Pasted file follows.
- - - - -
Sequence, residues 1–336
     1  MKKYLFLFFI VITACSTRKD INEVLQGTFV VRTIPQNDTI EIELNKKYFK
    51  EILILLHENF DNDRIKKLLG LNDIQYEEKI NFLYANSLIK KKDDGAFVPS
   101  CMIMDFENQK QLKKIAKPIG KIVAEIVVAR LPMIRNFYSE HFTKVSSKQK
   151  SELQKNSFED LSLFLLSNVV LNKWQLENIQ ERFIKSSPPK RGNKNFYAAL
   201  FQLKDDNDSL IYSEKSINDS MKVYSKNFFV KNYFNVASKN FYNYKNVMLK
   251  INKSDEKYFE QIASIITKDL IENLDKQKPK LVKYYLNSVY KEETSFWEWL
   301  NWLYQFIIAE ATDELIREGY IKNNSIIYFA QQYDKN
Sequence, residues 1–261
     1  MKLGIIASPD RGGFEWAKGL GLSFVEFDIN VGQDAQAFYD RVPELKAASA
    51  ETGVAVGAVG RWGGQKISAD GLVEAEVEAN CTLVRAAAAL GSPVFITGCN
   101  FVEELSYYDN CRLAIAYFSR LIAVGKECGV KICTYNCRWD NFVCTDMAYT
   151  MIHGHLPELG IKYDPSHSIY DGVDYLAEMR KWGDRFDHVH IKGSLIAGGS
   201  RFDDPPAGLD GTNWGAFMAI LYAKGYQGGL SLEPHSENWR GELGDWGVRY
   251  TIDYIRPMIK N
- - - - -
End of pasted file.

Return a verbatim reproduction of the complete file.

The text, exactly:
Sequence, residues 1–336
     1  MKKYLFLFFI VITACSTRKD INEVLQGTFV VRTIPQNDTI EIELNKKYFK
    51  EILILLHENF DNDRIKKLLG LNDIQYEEKI NFLYANSLIK KKDDGAFVPS
   101  CMIMDFENQK QLKKIAKPIG KIVAEIVVAR LPMIRNFYSE HFTKVSSKQK
   151  SELQKNSFED LSLFLLSNVV LNKWQLENIQ ERFIKSSPPK RGNKNFYAAL
   201  FQLKDDNDSL IYSEKSINDS MKVYSKNFFV KNYFNVASKN FYNYKNVMLK
   251  INKSDEKYFE QIASIITKDL IENLDKQKPK LVKYYLNSVY KEETSFWEWL
   301  NWLYQFIIAE ATDELIREGY IKNNSIIYFA QQYDKN
Sequence, residues 1–261
     1  MKLGIIASPD RGGFEWAKGL GLSFVEFDIN VGQDAQAFYD RVPELKAASA
    51  ETGVAVGAVG RWGGQKISAD GLVEAEVEAN CTLVRAAAAL GSPVFITGCN
   101  FVEELSYYDN CRLAIAYFSR LIAVGKECGV KICTYNCRWD NFVCTDMAYT
   151  MIHGHLPELG IKYDPSHSIY DGVDYLAEMR KWGDRFDHVH IKGSLIAGGS
   201  RFDDPPAGLD GTNWGAFMAI LYAKGYQGGL SLEPHSENWR GELGDWGVRY
   251  TIDYIRPMIK N